I wrote an introduction to a Holiday Letter that we did not end up using. As I was putting this down in writing I felt the spirit move in my fingers, and what I ended up with was not particularly what I started out to create. It went something like this:
If I am writing a letter that describes what my family and I have been doing for the past year and sending it to "family and friends" that have not been interested enough in me to try looking at my Facebook postings or reading my blog, then why am I bothering? If you want to know what is happening with people today you have multiple avenues to reach them, either actively with an email or phone call here and there to ask them how they are doing, or passively through participating in shared environments like Facebook, blogging, and many others. My Holiday Letter seems to disrupt this status quo by forcing you to read about me even if you have not been interested in doing so.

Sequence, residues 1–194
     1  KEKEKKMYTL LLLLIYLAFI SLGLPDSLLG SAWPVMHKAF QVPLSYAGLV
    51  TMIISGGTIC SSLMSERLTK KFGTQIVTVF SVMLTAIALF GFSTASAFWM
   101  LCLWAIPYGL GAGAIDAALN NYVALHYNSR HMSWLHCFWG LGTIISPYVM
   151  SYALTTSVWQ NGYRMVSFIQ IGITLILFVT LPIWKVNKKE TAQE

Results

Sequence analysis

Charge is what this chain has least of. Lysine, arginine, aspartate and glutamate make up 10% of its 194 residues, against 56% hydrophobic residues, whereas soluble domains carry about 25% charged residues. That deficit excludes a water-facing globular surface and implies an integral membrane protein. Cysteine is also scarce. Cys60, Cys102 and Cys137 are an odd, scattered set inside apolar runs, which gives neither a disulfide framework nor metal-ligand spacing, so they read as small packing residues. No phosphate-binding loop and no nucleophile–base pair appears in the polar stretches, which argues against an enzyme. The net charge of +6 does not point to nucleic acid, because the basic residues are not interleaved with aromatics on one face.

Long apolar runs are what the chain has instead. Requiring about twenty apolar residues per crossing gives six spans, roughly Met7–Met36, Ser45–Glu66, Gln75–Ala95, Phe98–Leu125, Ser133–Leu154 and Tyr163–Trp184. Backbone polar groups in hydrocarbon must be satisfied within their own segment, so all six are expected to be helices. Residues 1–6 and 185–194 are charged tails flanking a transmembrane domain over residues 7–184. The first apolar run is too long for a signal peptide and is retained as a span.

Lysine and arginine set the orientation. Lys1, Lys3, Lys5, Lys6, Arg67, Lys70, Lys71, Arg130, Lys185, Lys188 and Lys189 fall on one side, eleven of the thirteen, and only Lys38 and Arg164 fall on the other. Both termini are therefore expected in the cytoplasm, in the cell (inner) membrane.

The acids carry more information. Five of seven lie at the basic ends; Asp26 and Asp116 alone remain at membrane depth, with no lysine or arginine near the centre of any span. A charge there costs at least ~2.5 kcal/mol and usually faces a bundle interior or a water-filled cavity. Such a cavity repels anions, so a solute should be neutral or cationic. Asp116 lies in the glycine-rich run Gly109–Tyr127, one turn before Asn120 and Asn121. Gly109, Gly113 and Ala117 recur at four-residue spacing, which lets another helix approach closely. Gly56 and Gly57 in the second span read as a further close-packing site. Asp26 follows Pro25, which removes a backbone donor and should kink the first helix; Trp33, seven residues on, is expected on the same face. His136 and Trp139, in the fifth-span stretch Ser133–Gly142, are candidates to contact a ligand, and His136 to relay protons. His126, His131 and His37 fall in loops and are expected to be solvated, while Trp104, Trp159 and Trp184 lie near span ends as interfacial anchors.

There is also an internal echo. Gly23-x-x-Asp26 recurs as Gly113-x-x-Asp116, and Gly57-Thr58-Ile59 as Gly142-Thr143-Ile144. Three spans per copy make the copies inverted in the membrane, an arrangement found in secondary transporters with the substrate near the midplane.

What should I write about? If you have been following me and my life you know about the big stuff, and likely about the little stuff, too. What's left to write about?
This brings to mind the old Bert and I skit where Bert returns home after an absence and his friend tells him "There really is no news, except that I should tell you that your dog died." As the story unfolds, the dog died from eating the dead horse flesh, which died in the fire that destroyed the barn, which caught fire from sparks that flew from the house, that caught on fire from the candles that were burning around the casket, which held the beloved Aunt that died, who died when she heard the news about your Uncle, etc. A perfect Shaggy Dog story that never has to end. It does finally end when he says, "Other than that, there is no news!"
Well, my dog died, but all that other stuff didn't happen!